Arriving in London in January 1916 on the Hirano Maru vessel, 38-year-old Cecil Andrew Clarke, from a prominent Singaporean Eurasian family, was there to fight in World War I.
Cecil, who died two years later, had a bad track record in Singapore - having once been arrested for being drunk and disorderly - and was likely the black sheep in the illustrious family that included his uncle, Billy Clarke, the chief clerk of the treasury.
Black sheep or not, his name is etched into bronze plates alongside 123 others at the 1922 Cenotaph which faces the Padang.
The story of Cecil, one of several local men who left the colony for the war in Europe, was only recently uncovered by Irish-born writer Rosemary Lim, 56, in her book, Forgotten Names Recalled: Stories From The Singapore Cenotaph.
Her project sought to put faces to the names that line the national monument in the Esplanade Park.
Mrs Lim, who has been based in Singapore since 1990, has so far managed to piece together the stories of 112 of the fallen, after trawling through war forums, local and overseas archives, and genealogical websites.
Mrs Lim learned about Cecil through his army file, which had survived the bombing of a British army warehouse during World War II. Her book, supported by the National Heritage Board (NHB), was published in 2014.
She said: "Many of us pass by the magnificent Cenotaph but we don't know the men who died.
"When you go up close and see the individual names, it doesn't mean a lot until you see their faces and you relate to them. Many of them look like ordinary blokes."
A Singapore Free Press article from November 1920 said the Cenotaph would be a "noble, bold, classically beautiful memorial" that will stand as a lasting tribute to the immortal deeds of "men of many creeds and castes who fought shoulder to shoulder against a common enemy". It added: "These men took things simply, gave life simply, with no straining after glory..."
For the Clarke family today, many of whose members are based in Singapore, Mrs Lim's research helped to paint a more detailed picture of their ancestor.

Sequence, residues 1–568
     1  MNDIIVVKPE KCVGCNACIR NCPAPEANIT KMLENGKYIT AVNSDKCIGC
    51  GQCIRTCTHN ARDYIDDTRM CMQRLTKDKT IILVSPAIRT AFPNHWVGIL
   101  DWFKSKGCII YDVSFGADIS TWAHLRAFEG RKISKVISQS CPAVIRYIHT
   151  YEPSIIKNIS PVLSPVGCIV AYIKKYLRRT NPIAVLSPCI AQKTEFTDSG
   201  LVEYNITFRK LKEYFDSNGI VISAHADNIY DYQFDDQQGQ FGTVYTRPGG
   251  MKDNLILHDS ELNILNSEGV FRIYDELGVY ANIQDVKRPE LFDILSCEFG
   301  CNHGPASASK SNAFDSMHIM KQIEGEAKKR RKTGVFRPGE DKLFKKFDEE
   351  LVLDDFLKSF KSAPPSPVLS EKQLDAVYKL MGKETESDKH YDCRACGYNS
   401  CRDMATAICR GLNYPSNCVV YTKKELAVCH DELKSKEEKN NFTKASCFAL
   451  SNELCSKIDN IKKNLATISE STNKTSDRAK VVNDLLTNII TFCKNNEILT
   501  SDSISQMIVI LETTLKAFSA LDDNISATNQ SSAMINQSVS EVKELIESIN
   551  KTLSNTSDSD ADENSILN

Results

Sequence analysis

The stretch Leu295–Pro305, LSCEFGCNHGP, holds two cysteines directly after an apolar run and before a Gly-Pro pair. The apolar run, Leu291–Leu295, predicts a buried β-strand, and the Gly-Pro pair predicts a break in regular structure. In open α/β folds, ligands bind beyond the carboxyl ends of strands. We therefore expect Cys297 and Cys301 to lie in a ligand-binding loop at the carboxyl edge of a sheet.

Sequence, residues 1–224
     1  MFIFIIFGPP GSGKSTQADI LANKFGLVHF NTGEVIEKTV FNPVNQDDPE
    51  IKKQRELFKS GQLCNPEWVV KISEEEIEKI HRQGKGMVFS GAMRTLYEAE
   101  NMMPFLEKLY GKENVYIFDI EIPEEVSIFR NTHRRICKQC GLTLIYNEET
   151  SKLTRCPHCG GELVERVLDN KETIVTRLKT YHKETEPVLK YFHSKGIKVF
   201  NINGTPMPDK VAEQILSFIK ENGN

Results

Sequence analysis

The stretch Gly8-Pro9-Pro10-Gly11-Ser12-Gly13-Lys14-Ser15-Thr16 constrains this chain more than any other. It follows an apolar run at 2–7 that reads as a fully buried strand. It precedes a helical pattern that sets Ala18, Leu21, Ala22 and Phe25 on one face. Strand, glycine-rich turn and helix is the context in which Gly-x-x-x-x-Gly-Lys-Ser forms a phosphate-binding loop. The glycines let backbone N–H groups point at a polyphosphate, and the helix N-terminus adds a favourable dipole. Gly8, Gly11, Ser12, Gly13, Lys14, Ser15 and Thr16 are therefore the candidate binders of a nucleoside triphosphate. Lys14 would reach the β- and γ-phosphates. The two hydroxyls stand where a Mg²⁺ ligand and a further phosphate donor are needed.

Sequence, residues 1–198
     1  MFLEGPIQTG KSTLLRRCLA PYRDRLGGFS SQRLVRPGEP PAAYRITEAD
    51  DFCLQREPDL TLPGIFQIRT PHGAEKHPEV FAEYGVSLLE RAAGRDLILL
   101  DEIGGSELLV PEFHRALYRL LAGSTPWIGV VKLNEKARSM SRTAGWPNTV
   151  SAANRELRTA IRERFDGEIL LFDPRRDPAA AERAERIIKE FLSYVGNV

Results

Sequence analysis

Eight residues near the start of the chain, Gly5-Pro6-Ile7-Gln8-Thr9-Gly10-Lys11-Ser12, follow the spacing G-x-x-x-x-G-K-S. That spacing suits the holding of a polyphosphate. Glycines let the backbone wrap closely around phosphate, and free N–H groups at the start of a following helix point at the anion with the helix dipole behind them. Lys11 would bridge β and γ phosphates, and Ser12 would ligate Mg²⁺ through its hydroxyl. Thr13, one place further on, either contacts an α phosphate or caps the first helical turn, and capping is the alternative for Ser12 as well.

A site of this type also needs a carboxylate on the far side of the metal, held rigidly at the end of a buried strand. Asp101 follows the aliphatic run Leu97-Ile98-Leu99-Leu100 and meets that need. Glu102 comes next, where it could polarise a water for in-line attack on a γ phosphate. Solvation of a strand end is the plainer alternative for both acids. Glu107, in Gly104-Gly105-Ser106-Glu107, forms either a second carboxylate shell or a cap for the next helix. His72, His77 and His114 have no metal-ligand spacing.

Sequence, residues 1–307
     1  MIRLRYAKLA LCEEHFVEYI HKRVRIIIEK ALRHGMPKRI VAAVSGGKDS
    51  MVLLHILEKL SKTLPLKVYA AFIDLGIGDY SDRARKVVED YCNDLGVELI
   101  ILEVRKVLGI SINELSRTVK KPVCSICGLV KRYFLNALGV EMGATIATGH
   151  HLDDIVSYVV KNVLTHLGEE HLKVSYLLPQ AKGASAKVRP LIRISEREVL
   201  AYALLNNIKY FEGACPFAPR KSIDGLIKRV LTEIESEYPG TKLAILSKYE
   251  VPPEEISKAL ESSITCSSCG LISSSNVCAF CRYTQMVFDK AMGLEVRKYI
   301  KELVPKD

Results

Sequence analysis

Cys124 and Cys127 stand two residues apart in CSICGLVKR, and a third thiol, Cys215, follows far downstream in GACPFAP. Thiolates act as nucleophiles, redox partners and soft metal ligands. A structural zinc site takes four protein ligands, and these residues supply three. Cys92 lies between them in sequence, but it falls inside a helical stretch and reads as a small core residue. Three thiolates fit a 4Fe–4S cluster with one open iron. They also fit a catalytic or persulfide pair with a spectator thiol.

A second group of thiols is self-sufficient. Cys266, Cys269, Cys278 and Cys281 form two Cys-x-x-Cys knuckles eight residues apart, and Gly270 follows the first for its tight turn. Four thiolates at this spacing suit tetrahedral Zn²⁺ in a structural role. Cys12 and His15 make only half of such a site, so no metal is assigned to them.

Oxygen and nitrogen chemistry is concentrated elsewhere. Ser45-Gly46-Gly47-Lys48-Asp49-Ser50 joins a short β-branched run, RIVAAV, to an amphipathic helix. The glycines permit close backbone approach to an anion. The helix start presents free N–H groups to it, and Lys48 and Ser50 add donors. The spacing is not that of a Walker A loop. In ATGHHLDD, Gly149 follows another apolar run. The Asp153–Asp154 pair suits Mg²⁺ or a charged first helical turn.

His grand-niece, Ms Louise Clarke, 63, an educational psychologist, said her grand-uncle must have broken his mother's heart, having lived his life the way he did before he left for the war. But despite his past, she believes that "people and their contributions shouldn't be forgotten".
The 18m-high Cenotaph, made from local white granite, was designed by Mr Denis Santry from colonial architectural firm Swan and Maclaren.
In 2010, NHB's Preservation of Sites and Monuments division gazetted the Cenotaph along with the nearby Lim Bo Seng Memorial and Tan Kim Seng Fountain.
The former, a 3.5m-tall octagonal pagoda with four bronze guardian lions at its base, is the only commemorative structure in Singapore that honours the sacrifice of an individual during World War II.
Lim, a Singapore wartime hero, was killed by the Japanese for his role in organising the anti-Japanese resistance movement.
The memorial was designed by architect Ng Keng Siang, who had been appointed by Lim's widow. It was unveiled 10 years after Lim's death, according to the NHB.
Meanwhile, the Tan Kim Seng Fountain, commissioned by the British Municipal Council, was built to commemorate the philanthropist's contributions to Singapore, though it is unrelated to World War II.
Near the Esplanade Park in Beach Road stands the Civilian War Memorial, designed by Swan and Maclaren. The 67m-tall memorial comprises four vertical pillars that symbolise the shared war experiences of the four main races here.
It houses the remains of civilian victims of the Japanese Occupation, many of whose graves were dug up between the 1950s and 1970s as part of various development projects. Among them are victims of the Sook Ching massacre.
The Singapore Chinese Chamber of Commerce and Industry (SCCCI) was behind the idea of gathering the remains and building a memorial. It was completed in 1967 and has since been the venue for memorial services on Feb 15 every year.
That date in 1942 was when the British surrendered to the Japanese, marking the start of the occupation.
The services kick off with an "all clear" signal from the Singapore Civil Defence Force's public warning system.
They are usually attended by about 1,000 people including students, representatives from uniformed groups and relatives of the victims.
The programme includes a silent prayer by inter-religious representatives and the laying of wreaths by groups such as the Singapore Armed Forces Veterans' League. It ends with three bows being made to the civilian victims of the Japanese Occupation and the observation of a minute's silence.
SCCCI president Thomas Chua said: "The memorial services honour the memory of all those who perished. Another objective of the services is for National Education... to let young Singaporeans know that peace should not be taken for granted. "